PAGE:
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Black Lamb


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California dreaming

Cultures clash in the land of plenty.

May 1st, 2007

hearstcastle-copy.jpgBY TERRY ROSS

Even when you’ve made up your mind to relax and take your mind off the workaday world, when you want nothing more challenging than a nice view, good meals, and no alarm clock — in short, when you go on vacation — the world and its issues have a way of insinuating themselves.

The road trip to Los Angeles that Cervine and I made just after Christmas seemed like it would be about as weighty as an episode of Lifestyles of the Rich and Famous. On our itinerary were stops at Hearst Castle, sightseeing in Santa Barbara and Ojai, meanderings in Hollywood, a visit to the Huntington complex in Pasadena with a tour of the (Procter &) Gamble house, as well as a detour south to see the Queen Mary and, finally, a ramble round J. Paul Getty’s villa in Malibu.

Cervine would like to have thrown in the architectural and archeological curiosities of San Jose (the Winchester House of Mystery and the Rosicrucian Museum), but they were closed for the holidays, so we motored through Carmel and Big Sur (now, without any literary lights in residence, merely funky) before arriving at the little coastal town of San Simeon for an afternoon tour of Hearst Castle.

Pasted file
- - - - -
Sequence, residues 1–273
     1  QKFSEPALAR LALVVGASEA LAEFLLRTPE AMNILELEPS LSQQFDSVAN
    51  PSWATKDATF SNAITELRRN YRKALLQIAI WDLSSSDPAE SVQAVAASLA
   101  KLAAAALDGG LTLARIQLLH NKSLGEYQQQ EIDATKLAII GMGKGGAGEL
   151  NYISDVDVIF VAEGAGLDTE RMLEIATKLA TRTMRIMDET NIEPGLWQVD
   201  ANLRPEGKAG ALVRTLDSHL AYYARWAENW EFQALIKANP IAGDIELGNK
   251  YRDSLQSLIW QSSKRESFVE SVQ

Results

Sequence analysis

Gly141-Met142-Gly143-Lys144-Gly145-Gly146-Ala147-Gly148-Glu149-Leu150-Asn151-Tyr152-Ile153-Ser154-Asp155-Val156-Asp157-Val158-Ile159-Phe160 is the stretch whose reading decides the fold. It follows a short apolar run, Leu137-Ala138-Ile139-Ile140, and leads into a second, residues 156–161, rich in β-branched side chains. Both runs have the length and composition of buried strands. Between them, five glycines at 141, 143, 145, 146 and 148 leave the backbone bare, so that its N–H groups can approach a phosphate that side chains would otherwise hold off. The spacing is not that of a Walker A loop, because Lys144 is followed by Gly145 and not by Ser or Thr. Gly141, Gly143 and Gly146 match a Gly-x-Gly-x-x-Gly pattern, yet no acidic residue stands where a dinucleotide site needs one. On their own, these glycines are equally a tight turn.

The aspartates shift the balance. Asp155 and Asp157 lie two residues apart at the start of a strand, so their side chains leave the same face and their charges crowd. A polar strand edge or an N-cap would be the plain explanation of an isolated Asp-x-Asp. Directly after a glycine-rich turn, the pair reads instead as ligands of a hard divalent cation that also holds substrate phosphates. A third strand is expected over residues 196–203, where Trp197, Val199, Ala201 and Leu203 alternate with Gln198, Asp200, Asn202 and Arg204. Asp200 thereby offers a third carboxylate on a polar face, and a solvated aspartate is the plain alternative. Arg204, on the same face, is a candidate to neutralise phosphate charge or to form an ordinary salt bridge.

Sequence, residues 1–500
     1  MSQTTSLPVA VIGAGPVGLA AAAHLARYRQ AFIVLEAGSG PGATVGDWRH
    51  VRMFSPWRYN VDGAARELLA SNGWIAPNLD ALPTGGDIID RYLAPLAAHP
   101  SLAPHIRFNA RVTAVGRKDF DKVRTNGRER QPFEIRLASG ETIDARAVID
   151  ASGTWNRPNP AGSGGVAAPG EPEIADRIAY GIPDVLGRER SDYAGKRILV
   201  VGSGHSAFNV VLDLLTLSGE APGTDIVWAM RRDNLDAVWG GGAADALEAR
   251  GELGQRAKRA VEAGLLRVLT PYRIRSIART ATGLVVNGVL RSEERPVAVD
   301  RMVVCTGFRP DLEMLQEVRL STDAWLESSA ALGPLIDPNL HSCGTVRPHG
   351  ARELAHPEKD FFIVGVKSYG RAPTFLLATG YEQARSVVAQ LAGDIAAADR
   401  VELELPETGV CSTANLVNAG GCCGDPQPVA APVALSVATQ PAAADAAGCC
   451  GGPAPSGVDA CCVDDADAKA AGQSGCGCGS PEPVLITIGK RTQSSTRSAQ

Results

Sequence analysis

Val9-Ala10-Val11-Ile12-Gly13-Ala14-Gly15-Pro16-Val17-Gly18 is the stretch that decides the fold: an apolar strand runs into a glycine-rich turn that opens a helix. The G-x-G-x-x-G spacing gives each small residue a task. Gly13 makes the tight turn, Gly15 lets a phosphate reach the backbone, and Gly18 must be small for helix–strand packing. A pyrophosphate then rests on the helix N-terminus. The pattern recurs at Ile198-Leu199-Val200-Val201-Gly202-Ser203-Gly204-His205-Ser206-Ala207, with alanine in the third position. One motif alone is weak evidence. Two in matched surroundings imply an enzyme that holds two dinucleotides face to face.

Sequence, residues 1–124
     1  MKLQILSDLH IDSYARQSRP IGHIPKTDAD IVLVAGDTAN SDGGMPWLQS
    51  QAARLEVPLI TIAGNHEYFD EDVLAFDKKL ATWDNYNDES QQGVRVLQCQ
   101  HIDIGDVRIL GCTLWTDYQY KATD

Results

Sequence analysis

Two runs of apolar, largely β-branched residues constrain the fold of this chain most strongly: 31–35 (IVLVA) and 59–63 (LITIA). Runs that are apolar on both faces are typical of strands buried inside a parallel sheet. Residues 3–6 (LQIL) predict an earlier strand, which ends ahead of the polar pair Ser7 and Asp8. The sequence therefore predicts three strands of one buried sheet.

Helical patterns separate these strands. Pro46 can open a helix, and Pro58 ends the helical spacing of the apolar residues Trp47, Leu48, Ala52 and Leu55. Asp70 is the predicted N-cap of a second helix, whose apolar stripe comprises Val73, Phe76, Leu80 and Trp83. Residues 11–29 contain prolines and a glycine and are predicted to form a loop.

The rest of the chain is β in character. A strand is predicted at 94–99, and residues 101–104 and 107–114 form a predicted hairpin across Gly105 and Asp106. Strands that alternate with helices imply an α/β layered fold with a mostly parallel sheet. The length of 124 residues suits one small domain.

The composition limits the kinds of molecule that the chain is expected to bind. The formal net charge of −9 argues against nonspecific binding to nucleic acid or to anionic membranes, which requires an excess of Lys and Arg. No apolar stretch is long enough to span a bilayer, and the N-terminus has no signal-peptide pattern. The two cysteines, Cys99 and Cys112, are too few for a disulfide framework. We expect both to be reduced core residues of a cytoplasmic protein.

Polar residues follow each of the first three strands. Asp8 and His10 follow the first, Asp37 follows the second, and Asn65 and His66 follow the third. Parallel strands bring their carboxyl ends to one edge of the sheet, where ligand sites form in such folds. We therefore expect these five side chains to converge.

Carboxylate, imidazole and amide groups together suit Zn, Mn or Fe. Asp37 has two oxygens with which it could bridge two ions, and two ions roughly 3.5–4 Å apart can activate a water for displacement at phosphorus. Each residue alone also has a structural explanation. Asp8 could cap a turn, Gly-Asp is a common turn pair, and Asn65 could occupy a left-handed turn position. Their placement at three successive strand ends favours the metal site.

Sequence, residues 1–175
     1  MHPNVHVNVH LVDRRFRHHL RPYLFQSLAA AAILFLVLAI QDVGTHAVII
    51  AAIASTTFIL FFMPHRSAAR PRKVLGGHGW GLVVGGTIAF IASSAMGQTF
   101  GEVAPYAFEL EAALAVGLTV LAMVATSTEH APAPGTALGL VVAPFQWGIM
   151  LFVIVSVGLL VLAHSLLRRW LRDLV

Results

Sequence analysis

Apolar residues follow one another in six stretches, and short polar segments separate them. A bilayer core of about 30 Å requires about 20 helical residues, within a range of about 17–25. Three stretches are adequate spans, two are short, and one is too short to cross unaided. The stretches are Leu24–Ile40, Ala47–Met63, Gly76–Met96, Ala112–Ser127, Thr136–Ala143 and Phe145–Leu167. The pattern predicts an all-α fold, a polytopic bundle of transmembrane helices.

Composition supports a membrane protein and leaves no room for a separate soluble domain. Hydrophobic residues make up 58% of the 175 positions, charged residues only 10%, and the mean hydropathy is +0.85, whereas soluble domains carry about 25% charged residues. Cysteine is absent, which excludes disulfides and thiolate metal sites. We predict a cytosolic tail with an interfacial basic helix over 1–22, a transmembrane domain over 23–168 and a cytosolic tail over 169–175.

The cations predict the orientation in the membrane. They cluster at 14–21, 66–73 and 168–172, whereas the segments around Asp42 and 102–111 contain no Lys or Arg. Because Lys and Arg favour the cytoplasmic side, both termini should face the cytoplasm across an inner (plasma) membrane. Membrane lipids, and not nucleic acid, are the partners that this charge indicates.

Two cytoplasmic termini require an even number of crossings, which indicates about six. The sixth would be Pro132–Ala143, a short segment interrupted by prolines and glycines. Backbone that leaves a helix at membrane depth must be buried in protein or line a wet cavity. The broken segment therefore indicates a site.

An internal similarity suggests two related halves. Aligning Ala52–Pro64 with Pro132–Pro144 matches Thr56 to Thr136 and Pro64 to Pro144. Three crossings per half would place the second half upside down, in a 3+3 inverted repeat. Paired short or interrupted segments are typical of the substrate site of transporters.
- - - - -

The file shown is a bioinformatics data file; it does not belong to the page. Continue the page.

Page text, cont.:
Unlike other fabulously wealthy people of his time, William Randolph preferred ostentation to charity. The mountains of furniture, statuary, buildings, and paintings he bought went into his various private residences, the most grandiose of which was his San Simeon castle. His descendants, not he, turned his junk over to posterity. Everything at San Simeon seems to have been assembled so that his invited guests (stingily limited to one glass of wine with supper in deference to his alcoholic mistress, Marion Davies) would go away oohing and aahing and thereafter spread the word about the magnificence of Mr. Hearst. The sheer quality and scale of things are impressive, but one leaves convinced that W.R.H. was a sad man.

On our way south the next morning, we turned off at Lompoc for a look at what was billed as a restored mission, but the place was pretty run down. La Purisima is one of the chain of outposts that Fr. Junipero Serra established in the late eighteenth century along the California coastline. A small museum dedicated to the native Chumash Indians contains a few dusty artifacts, including a watertight woven basket and an example of the sort of boat the Chumash deployed to sail to the offshore channel islands that are easily visible from the hills. All very politically correct, one supposes, this paying respect to the ways of the indigenous people, but to me and Cervine, there remained unmentioned a glaring cultural rift.

The Chumash are said to be one of the earliest groups of residents of the west coast, among the first to make their way that far south after crossing the land bridge from Asia. The climate must have been too comfortable, because during the millennia before the Spanish showed up, the Chumash continued living as they had since their arrival — no progress to speak of, no written language, the most rudimentary of crafts, cave art that looks like doodles compared to the cave art of their European contemporaries. C and I couldn’t help reflecting that whereas the Chumash had learned to sail all the way to the nearby islands and weave baskets that held liquid, the Spaniards had arrived in ships that had sailed halfway around the world, crammed with animals, plants, herbs, and books, not to mention watertight vessels made of metal, a substance that the Chumash, pre-Iron Age people, had not contrived to imagine during their ten thousand years in California.